Turkey has over 8000 km of shoreline at the Black Sea, Marmara Sea, Aegean Sea and the Mediterranean Sea. Dardanelles is one of the important fishing grounds in Turkey, since Dardanelles lies in a migratory route that connects Black Sea and the Mediterranean Sea and is a productive area for shellfish.
The total fish production of Turkey was 506,980 ton in 2003 (Anonymous, 2003). About 70% of the total fish production was consumed as fresh product domestically. In addition, a significant portion of the harvested fish and shellfish was exported to European countries (DIE., 2004).
Seafood is a rich source of protein, vitamins and minerals. In addition, their flesh pH is about neutral (pH ~7). These characteristics make the seafood a suitable living and proliferation place for bacteria. In unhygienic storage conditions, microorganisms spoil the fish flesh. This may harmful for human health by causing infection and intoxication (Liston, 1980; Lundborg, 1986; Goktan, 1990).
In fish products, it is possible to diminish unwanted microorganism activity
by hygienic treatments and protection. Bacterial contamination, especially if
fecal, is an indicator of pathogenic presence in the environment (Sinell, 1985).
Fecal streptococci have greater resistance when compared with classical indicators
of coliform bacteria. This has led to an increasing tendency to include fecal
streptococci in microbiological criteria as an indicator of direct fecal contamination
in plant sanitation, in waters and various food products, including seafood
(El-Zanfaly and Shaban, 1991; Shapton and Shapton, 1991). In the present study,
bacterial contaminations during the storage and distribution of seafood, caught
and consumed in Dardenelles region from Turkey, were analyzed. The main purpose
of this study was to compare the microbiological quality of seafood sold at
the Wholesale Fish Market and at the Retail Seafood Store.
MATERIALS AND METHODS
Fish were randomly collected from the wholesale fish market and from different retail seafood stores between July and August 2004 in Dardenelles, Turkey. All samples consisted of unprocessed and whole seafood. The samples include 30 mullet (Mugil cephalus), 30 whiting (Merlangius merlangus), 40 sardine (Sardina pilchardus), 40 horse mackerel (Trachurus trachurus), 20 bogue (Boops boops) and 40 shrimp (Parapenaus longirostris).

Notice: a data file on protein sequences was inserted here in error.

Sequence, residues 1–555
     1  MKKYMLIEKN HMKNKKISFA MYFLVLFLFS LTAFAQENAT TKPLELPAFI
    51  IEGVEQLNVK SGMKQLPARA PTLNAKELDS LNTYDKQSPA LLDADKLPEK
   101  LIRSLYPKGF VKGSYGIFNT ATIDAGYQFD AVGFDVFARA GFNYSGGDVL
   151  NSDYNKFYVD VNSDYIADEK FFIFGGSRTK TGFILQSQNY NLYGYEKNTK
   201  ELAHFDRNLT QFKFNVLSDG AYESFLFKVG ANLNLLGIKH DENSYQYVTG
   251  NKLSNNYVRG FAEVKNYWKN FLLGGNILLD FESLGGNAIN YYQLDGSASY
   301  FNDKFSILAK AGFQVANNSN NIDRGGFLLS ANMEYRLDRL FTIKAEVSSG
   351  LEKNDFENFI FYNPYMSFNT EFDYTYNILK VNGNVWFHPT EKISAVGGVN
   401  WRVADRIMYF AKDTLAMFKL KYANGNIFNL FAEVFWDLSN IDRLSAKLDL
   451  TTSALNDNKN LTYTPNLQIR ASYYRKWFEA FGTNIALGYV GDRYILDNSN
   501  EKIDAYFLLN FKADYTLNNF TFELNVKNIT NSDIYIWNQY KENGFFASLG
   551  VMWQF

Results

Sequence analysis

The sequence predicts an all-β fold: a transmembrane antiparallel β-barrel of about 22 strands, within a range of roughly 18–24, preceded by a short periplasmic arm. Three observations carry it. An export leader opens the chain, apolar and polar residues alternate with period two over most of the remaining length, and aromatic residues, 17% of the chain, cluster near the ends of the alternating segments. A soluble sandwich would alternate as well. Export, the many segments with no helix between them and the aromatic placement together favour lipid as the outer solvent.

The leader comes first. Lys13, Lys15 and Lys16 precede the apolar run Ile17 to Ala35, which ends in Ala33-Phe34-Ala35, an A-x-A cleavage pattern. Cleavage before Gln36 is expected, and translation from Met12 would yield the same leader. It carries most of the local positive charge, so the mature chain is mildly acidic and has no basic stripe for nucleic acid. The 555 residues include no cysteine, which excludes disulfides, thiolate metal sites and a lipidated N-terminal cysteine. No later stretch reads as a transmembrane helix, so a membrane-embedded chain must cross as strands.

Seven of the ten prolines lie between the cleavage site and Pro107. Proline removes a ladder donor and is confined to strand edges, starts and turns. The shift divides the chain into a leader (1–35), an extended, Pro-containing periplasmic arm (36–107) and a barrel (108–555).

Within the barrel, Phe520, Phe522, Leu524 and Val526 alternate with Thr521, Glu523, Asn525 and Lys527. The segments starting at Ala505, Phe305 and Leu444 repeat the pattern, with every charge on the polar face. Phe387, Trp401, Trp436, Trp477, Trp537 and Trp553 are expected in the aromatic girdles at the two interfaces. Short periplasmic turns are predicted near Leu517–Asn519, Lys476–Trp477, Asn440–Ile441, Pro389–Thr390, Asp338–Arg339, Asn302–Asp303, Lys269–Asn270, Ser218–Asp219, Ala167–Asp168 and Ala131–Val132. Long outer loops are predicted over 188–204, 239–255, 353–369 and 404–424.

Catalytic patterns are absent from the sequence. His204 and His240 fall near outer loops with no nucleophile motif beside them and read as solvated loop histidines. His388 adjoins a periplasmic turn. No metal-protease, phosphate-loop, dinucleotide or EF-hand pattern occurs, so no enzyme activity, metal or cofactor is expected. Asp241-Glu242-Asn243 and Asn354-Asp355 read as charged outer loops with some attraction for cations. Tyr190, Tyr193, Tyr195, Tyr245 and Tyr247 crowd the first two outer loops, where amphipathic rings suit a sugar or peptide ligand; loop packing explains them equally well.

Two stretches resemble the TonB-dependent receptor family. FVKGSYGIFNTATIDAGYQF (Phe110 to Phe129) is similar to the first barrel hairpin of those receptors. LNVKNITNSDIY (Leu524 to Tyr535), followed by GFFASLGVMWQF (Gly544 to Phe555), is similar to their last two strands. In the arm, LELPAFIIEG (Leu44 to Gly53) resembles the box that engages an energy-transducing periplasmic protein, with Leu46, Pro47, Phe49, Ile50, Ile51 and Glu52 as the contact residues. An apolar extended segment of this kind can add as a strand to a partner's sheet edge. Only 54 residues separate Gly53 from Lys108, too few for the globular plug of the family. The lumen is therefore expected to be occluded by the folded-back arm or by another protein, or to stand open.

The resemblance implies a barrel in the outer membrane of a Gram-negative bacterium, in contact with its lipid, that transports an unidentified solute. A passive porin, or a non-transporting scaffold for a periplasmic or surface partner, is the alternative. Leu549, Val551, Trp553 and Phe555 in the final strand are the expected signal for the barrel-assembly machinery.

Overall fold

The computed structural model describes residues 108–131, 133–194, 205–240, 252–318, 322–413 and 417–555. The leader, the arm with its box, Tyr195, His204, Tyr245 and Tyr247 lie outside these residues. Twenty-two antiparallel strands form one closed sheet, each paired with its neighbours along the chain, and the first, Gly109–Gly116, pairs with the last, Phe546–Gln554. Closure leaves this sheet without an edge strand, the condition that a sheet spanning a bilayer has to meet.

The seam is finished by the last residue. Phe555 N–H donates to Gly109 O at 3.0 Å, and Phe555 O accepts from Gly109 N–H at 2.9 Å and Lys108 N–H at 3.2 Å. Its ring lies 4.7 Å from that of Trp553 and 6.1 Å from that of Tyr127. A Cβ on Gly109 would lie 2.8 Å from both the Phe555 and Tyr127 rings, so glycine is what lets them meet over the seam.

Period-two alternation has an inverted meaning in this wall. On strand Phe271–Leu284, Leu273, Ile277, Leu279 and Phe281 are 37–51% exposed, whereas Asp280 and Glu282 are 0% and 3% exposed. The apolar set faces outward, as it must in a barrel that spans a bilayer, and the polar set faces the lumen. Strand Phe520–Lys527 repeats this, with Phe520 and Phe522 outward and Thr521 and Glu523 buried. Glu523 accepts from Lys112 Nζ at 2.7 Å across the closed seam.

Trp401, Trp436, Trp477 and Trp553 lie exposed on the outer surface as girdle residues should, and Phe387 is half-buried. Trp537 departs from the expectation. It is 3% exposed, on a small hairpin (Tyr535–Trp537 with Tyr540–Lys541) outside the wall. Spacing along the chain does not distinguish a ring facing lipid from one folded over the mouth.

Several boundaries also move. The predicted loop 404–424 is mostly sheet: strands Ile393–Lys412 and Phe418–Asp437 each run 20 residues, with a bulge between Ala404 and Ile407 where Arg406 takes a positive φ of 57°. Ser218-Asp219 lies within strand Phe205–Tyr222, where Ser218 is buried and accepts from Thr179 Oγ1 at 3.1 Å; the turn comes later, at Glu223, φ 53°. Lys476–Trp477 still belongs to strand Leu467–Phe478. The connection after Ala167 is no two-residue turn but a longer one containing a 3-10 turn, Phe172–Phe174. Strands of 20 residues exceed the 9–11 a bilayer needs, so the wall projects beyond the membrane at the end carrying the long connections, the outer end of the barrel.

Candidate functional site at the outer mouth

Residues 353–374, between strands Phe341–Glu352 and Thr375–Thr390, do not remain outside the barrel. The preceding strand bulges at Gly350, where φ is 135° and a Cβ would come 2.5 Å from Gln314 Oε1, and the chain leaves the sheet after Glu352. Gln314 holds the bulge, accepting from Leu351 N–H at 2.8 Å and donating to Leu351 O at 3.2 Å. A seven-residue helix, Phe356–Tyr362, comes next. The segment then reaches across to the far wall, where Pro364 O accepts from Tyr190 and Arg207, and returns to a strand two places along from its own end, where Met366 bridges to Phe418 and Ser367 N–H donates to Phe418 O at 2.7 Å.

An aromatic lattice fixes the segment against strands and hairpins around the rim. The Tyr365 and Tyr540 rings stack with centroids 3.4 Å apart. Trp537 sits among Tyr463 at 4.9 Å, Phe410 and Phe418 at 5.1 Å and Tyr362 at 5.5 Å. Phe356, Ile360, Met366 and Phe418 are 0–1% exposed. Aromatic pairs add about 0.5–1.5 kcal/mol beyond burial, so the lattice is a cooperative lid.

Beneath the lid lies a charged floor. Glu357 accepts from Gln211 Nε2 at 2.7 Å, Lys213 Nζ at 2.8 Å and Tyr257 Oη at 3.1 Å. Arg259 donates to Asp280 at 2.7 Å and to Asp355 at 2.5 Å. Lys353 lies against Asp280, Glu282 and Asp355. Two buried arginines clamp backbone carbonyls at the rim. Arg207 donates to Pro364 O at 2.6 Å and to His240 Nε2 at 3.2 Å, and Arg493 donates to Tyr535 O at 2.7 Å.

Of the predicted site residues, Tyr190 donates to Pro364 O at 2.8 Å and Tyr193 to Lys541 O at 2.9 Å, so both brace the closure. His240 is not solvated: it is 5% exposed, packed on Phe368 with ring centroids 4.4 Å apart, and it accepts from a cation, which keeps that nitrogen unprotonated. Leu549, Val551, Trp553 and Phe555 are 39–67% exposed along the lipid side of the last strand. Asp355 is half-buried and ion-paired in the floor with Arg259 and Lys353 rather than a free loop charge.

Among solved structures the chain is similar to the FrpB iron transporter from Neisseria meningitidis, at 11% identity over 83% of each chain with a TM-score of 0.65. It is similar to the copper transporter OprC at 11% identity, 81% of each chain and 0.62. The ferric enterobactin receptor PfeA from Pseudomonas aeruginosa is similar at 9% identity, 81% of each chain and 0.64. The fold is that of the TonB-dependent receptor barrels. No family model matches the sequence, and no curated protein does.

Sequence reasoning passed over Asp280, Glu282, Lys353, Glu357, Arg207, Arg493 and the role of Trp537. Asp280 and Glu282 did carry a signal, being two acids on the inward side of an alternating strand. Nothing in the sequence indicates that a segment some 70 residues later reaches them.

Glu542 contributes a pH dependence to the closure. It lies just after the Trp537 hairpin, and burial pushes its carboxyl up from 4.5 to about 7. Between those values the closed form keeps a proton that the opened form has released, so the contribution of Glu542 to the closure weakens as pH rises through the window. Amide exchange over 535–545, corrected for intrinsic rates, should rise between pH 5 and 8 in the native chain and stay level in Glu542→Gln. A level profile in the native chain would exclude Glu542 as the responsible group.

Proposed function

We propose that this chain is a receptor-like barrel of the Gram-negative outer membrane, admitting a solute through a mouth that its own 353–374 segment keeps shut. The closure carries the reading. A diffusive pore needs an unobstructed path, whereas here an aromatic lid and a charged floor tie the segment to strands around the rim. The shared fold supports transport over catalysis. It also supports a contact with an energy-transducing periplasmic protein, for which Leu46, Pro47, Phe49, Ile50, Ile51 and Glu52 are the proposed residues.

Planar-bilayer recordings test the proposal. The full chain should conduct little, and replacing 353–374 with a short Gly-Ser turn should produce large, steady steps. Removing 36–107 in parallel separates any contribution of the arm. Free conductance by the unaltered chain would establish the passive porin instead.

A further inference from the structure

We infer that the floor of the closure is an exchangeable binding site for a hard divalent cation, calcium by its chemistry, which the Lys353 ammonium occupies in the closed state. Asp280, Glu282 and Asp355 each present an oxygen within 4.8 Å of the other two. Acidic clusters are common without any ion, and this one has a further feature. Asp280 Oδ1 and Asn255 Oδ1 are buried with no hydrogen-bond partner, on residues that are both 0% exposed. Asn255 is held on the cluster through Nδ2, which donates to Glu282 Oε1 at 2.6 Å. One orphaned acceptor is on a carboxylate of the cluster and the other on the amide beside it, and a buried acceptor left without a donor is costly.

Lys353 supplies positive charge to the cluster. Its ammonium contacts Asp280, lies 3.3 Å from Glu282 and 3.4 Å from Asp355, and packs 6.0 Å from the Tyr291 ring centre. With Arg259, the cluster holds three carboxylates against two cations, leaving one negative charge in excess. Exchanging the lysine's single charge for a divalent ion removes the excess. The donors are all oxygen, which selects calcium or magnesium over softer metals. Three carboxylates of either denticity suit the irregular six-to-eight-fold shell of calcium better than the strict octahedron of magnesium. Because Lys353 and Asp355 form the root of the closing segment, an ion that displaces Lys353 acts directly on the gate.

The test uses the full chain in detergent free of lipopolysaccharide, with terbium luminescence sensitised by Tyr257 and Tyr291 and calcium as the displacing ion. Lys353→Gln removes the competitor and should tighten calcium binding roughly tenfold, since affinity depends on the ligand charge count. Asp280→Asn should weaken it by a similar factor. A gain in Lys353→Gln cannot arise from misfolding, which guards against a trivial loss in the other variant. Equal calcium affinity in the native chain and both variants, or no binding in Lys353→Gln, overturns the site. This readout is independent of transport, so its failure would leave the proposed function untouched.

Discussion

In all the samples, total aerobic bacteria were counted. In addition, coliform group and fecal streptococci were determined. Each 10 g seafood flesh sample was homogenized in 90 mL of 0.1% peptone water (Merck) by Ultra Turrax for one minute under sterile conditions. These homogenates were diluted to 10-7 and cultivated by using drop and plac methods (Baumgart, 1993).
Total aerobic bacteria were incubated for three days at 30°C in Plate-Count-Agar (Merck) medium. Coliforms were incubated for one day at 30°C in Coli ID-Agar (bio Merieux) medium. Fecal streptococci were incubated at 37°C for three days in Kanamycin-Esculin-Azide-Agar (Merck) medium (Baumgart, 1993).
The colonies reproduced in plate have been evaluated by counting. The results were recorded as cfu g-1 (Baumgart, 1993) .
For each microorganism, the counts were compared between the samples from the wholesale fish market and the samples from the retail seafood stores. Data were log-transformed prior to statistical analyses. Students t-test were used for the statistical analyses and tests were considered significant at α = 0.05.
Total aerobic bacteria numbers ranged between 102 and 105 cfu g-1 in the wholesale fish market samples, whereas these rates ranged between 102 and 107 cfu g-1 in the retail seafood store samples. Moreover, the average of the bacteria number was 103 cfu g-1 for the fish wholesale fish market and was 105 cfu g-1 for the retail seafood stores. Total aerobic bacteria numbers between 104 and 105 cfu g-1 were encountered in 35% of the samples from the wholesale fish market and in 82% of the samples from the retail seafood stores (Table 1).
The counts of the coliform group bacteria in the samples were found between <101 and 104 cfu g-1 in the wholesale fish market and between <101 and 105 cfu g-1 in the retail seafood stores. Coliforms counts under 102 cfu g-1 were found in 90% of the wholesale fish market samples, while 82% of the retail seafood stores coliform counts were between 102-105 cfu g-1. Coliform bacteria counts above 102 cfu g-1 constituted 58% of the all samples combined (Table 2).